A better way to do code documentation

Photo by Iñaki del Olmo on Unsplash

There are several common ways people do code documentation, some people may use word documents, some others may add tones of remarks or commands at the beginning of the code, and lastly to using third-party tools. However most of the time we forgot about who are our target audience, and most of the time we are doing it due to some prior action. Most likely we doing documentation is because other programmers able to continue the project even some of us are absent. So let’s have a look at one of the document examples below:

The code itself is looking perfectly fine, there does not have any syntax error in the code. However, the logic explained in the remark part is not aligned with the code itself. This is commonly found in code, and most of the time it is due to programmers rarely maintaining texts that are not affecting the program. Most of the time these remarks will remain as it is till the day the whole file be removed. So how should we document it in a way, where the programmer had to modify it when code is updating.

One of the better options will be developers are mandatory to write a unit test to cover and explain the function. Which will be the example below:

The benefits of doing documentation in this way can ensure the written test will be easy to align with the description text stated above. It also will easily sport out any misalignment between the actual result and the title above, forcing the developer to update the description when any changes in the code. At the same time, it increases the reliability of the description text and validates the code constantly before any releases.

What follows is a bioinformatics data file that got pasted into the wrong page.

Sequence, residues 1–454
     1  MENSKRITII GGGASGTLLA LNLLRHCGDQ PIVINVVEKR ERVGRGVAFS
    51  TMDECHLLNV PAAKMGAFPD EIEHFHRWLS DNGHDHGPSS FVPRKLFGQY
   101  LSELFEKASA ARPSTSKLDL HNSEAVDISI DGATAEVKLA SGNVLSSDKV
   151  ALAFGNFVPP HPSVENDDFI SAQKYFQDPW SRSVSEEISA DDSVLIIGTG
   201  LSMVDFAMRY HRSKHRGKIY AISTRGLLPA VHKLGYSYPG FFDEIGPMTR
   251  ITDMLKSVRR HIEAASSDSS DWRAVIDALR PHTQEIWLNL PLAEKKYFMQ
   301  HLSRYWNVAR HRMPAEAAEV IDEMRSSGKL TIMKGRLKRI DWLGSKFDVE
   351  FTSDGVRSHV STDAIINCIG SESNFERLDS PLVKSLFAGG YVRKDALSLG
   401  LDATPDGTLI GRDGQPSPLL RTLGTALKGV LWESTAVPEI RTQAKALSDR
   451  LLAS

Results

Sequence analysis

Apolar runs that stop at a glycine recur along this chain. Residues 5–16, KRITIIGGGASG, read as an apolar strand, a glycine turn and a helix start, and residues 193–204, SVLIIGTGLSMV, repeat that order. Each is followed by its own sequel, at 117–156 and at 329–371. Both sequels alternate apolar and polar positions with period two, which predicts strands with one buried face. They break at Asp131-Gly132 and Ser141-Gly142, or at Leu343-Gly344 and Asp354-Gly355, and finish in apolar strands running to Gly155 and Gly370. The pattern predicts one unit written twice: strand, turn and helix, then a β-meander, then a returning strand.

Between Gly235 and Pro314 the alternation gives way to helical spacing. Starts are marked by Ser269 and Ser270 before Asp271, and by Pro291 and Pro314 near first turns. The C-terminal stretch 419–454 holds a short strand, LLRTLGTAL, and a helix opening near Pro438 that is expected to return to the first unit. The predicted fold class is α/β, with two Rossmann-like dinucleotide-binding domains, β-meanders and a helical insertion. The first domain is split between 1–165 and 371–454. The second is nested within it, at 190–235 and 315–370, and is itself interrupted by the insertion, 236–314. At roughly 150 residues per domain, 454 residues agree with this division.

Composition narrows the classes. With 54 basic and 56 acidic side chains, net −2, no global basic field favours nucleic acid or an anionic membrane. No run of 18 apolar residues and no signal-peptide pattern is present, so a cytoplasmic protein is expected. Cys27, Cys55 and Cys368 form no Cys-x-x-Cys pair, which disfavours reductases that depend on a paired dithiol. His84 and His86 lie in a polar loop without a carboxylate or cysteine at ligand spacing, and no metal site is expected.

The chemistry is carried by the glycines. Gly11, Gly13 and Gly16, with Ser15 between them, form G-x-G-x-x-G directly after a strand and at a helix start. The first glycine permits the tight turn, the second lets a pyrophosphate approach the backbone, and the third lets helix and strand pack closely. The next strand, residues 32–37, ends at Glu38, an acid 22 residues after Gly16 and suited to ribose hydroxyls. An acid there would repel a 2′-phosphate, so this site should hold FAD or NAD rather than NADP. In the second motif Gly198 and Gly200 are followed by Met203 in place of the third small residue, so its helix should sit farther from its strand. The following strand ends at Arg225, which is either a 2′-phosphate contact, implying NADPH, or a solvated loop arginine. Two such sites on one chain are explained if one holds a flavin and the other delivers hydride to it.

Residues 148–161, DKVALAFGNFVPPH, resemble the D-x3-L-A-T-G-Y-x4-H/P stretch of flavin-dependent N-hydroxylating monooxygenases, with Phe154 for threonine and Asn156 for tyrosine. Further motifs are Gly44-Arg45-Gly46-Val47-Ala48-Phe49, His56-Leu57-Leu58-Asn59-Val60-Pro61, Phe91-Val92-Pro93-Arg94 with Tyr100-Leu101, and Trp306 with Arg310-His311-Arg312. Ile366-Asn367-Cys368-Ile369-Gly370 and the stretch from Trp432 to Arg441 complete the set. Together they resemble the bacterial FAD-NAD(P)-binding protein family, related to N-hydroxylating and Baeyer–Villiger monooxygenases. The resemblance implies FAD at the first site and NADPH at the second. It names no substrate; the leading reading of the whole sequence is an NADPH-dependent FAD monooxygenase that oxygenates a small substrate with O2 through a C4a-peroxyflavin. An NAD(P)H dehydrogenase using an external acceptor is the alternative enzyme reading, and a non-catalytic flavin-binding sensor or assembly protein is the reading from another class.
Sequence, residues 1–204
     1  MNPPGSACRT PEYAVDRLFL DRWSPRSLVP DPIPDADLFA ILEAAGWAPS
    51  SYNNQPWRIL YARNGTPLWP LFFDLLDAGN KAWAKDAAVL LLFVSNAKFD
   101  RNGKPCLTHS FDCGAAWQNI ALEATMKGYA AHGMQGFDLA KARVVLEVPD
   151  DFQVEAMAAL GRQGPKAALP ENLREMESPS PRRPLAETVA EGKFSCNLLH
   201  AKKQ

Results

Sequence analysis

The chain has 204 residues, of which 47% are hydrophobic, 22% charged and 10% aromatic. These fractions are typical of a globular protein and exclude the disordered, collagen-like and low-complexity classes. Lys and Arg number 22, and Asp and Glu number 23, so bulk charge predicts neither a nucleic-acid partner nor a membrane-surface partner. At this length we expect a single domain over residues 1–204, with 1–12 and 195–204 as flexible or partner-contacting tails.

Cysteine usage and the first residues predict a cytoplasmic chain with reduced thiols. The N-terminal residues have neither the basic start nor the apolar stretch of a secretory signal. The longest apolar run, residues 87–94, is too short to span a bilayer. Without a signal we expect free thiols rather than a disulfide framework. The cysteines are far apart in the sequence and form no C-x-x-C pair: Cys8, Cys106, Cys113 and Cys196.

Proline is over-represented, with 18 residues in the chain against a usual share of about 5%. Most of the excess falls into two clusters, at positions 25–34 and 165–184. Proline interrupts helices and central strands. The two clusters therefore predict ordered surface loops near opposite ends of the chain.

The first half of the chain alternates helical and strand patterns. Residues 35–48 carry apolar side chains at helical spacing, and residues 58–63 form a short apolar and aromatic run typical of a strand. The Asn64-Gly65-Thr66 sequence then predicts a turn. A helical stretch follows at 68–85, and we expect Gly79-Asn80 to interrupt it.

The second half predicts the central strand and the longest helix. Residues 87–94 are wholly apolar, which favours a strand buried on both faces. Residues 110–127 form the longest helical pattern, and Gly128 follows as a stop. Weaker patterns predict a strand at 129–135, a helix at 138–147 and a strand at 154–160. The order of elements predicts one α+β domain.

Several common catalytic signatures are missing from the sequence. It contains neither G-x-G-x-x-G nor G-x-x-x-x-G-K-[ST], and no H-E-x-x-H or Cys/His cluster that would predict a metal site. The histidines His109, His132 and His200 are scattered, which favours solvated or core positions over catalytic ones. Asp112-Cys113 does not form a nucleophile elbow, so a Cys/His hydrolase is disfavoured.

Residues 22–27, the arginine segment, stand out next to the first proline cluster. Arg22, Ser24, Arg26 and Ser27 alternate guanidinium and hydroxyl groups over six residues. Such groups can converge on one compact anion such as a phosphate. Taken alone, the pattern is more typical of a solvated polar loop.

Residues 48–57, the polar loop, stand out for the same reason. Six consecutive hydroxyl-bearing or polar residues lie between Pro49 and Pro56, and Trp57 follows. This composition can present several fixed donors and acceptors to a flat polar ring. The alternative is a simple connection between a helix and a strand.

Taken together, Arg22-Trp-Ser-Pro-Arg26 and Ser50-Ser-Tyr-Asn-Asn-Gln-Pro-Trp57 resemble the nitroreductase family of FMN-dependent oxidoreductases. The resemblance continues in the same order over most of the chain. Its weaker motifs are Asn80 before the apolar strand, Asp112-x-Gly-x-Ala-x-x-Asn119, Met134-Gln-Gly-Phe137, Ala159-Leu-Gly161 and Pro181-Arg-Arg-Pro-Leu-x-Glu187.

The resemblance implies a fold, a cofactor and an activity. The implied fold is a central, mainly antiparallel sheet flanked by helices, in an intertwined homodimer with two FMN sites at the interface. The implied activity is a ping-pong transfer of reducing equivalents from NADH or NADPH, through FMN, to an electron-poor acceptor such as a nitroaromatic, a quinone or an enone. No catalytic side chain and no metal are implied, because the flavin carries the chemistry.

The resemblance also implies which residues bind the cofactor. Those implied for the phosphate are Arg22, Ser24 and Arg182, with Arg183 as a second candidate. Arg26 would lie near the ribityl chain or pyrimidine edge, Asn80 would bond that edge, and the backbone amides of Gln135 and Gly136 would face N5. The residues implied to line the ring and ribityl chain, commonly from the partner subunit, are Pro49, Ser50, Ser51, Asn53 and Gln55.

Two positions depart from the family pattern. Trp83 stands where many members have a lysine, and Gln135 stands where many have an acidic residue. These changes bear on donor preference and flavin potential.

The is another option to reduce the dependency on remarks, that is using type restriction on the code and applying a better naming convention on the function. For example, if you are a javascript developer, you should master the latest ES coding syntax and apply typescript in your program.

Like the example above it give a clear message. What is the function about, what parameter it accepts, and what value will be returning, when you consume the function.

In the end, I personally think that if we practice clean code, master the language syntax, and write unit tests you are already doing the documentation for internal use. But there always has an exception, if your library will be used in the public or larger groups. A documentation file stills needed to speed up the learning process but the function that needs to document should be the public function only.

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A Chinese Malaysian programmer, who try to practice writing :)

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Jit Chan

Jit Chan

A Chinese Malaysian programmer, who try to practice writing :)

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